Teaching Well in the Diverse/Multicultural Classroom
From the January 2003 AAHEBulletin.com
Editor's Note: The following article is based on a chapter in the new AAHE Book Included in Sociology: Learning Climates That Cultivate Racial and Ethnic Diversity, edited by Jeffrey Chin, Catherine White Berheide, and Dennis Rome. See below for ordering and other information.
Most students come to our colleges and universities from racially and economically separated communities and secondary schools. For many, college is the first environment in which they study and live together on a sustained basis with people of different races, ethnicities, and economic classes — their peers and the faculty and staff. Most of us bring to these encounters in one way or another the racist, classist, sexist, and homophobic baggage that abounds in our culture.
When collegiate operations adopt a passive attitude toward patterns of racial and ethnic ideology and interaction, it permits these historical, cultural, and media-generated stereotypes and fears (or hostilities) about differences to persist. Moreover, patterns of separation, distance, and alienation, accompanied by awkwardness, fear, and occasional hostility, reinforce and reproduce invidious attitudes and discriminatory treatment in the collegiate environment. Then the successful performance, safety, and moral sensibilities of all students are threatened.
Dilemmas Facing Faculty Members
A lack of organizational imagination and commitment to racial justice and equity in many educational settings places an enormous burden on individual students — students of color and white students — to learn academic material and relate effectively with one another. It also places a great burden on faculty members to try to teach well and justly in this difficult environment. For faculty, like students, generally come from, live in, and work and play in racially separate environments. Most of us lack the life experiences and pedagogical skills that would enable us to do a better job in these settings.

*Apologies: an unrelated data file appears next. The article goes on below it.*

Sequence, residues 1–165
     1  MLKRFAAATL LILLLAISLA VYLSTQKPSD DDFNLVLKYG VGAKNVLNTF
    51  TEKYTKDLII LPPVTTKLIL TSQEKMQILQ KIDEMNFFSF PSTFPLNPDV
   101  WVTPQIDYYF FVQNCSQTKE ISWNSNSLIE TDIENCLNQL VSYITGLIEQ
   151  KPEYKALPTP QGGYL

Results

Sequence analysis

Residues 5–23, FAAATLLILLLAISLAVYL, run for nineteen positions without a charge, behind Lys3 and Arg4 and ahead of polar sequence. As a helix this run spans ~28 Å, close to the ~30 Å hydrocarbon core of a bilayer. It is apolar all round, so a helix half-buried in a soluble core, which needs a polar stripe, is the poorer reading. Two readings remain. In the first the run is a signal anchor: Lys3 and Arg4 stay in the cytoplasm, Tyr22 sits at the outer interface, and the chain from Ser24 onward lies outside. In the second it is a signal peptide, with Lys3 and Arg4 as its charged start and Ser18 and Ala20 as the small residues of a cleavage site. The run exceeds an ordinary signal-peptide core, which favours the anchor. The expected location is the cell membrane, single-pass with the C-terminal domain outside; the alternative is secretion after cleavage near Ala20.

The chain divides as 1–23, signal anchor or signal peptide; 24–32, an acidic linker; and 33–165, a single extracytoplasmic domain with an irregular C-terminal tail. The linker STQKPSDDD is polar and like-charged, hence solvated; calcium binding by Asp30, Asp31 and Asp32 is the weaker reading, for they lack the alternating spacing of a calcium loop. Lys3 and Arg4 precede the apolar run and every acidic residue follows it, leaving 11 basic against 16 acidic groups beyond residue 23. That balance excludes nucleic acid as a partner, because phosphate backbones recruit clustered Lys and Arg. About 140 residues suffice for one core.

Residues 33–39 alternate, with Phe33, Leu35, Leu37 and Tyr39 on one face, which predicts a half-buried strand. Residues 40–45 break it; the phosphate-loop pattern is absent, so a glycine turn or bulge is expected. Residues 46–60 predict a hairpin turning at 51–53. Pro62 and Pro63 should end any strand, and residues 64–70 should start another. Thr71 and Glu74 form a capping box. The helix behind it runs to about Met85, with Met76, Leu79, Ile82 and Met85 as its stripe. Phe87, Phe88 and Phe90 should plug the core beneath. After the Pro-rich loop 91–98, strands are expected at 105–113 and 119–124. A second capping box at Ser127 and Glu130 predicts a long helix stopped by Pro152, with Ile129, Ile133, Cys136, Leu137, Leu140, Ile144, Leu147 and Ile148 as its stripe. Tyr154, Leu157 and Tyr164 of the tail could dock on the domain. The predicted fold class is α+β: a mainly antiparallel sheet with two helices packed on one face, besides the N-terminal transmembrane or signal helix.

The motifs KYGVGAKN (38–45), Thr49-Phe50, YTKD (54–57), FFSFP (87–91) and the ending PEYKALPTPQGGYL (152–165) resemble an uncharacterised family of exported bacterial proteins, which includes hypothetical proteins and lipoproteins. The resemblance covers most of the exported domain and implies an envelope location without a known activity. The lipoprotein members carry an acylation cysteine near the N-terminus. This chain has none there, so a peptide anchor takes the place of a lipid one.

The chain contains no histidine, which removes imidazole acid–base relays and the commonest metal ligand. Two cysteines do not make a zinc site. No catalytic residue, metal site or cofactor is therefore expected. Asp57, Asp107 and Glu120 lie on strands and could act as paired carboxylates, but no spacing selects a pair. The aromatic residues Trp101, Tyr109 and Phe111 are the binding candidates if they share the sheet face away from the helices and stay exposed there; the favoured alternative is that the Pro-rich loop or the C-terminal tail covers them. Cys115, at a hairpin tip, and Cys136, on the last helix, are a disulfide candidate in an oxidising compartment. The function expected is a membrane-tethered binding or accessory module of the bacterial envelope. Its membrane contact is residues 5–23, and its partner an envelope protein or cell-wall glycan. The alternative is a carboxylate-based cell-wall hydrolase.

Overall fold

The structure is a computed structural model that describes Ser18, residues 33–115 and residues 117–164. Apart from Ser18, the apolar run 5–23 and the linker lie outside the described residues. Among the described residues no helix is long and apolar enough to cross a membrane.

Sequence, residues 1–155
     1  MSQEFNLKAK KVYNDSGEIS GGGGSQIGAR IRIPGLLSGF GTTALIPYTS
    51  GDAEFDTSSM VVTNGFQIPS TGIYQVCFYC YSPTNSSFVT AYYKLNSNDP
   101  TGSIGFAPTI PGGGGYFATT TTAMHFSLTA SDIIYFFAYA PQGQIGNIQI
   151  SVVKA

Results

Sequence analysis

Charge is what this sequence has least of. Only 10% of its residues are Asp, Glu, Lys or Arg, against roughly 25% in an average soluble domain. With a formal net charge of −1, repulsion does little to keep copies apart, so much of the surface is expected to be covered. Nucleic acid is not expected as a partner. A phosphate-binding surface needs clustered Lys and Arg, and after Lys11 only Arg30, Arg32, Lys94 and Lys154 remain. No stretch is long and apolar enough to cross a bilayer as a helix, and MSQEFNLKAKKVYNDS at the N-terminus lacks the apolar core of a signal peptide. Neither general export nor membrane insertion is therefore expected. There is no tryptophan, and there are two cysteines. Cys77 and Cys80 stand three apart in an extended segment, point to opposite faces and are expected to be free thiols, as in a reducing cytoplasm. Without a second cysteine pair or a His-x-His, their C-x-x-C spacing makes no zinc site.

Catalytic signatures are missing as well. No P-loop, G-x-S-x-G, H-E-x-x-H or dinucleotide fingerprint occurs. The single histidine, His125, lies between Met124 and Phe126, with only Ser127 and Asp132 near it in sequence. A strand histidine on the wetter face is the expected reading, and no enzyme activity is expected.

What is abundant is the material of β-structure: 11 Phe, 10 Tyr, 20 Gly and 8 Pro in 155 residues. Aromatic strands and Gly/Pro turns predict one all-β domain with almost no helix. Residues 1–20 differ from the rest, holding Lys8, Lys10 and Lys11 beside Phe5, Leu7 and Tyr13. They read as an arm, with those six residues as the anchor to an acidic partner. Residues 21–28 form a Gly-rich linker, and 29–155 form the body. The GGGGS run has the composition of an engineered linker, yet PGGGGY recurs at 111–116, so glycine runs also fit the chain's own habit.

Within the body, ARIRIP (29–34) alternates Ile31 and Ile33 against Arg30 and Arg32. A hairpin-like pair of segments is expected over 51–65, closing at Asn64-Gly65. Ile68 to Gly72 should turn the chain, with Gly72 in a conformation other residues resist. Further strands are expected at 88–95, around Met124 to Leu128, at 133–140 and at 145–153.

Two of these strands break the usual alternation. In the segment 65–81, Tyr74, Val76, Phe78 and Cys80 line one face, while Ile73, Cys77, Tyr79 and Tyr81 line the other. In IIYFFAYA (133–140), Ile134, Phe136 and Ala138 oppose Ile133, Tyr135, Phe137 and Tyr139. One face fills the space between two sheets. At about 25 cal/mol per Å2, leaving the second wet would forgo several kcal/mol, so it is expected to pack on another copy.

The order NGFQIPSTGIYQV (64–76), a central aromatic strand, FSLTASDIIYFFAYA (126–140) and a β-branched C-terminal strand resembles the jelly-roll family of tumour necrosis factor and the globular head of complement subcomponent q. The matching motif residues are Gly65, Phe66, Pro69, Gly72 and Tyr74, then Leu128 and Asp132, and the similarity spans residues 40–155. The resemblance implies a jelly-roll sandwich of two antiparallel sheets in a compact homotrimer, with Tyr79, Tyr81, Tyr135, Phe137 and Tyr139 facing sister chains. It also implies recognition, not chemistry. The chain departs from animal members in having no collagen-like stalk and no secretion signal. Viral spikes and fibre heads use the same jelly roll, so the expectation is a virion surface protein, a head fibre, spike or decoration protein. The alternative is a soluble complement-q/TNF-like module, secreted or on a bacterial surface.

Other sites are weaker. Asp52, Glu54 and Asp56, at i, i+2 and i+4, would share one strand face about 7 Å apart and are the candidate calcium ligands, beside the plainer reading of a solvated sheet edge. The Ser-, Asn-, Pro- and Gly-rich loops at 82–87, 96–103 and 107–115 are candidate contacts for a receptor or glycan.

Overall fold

There is not a lot of research available on how we who are white men deal with these classroom issues, as most scholarly work focuses on the “others” (students, students of color and women students, and occasionally women faculty and faculty of color). In the Fall 1996 The Diversity Factor [see www.eyca.com/diversityfactor/] journal article “Faculty Initiatives and Institutional Change” author Beth Glover Reed reports on a faculty-initiated and -designed series of workshops that attempted to help develop and improve the skills of faculty members for work in multicultural classrooms. As part of their reflection in these peer learning sessions, faculty participants expressed the following priorities for future learning:
Gerald Weinstein and Kathy Obear, in their chapter "Bias Issues in the Classroom: Encounters with the Teaching Self" in the book Promoting Diversity in College Classrooms, (Jossey-Bass, 1992) have identified some of the particular issues faculty experience when dealing with race, ethnicity, racism, and ethnic discrimination in the classroom: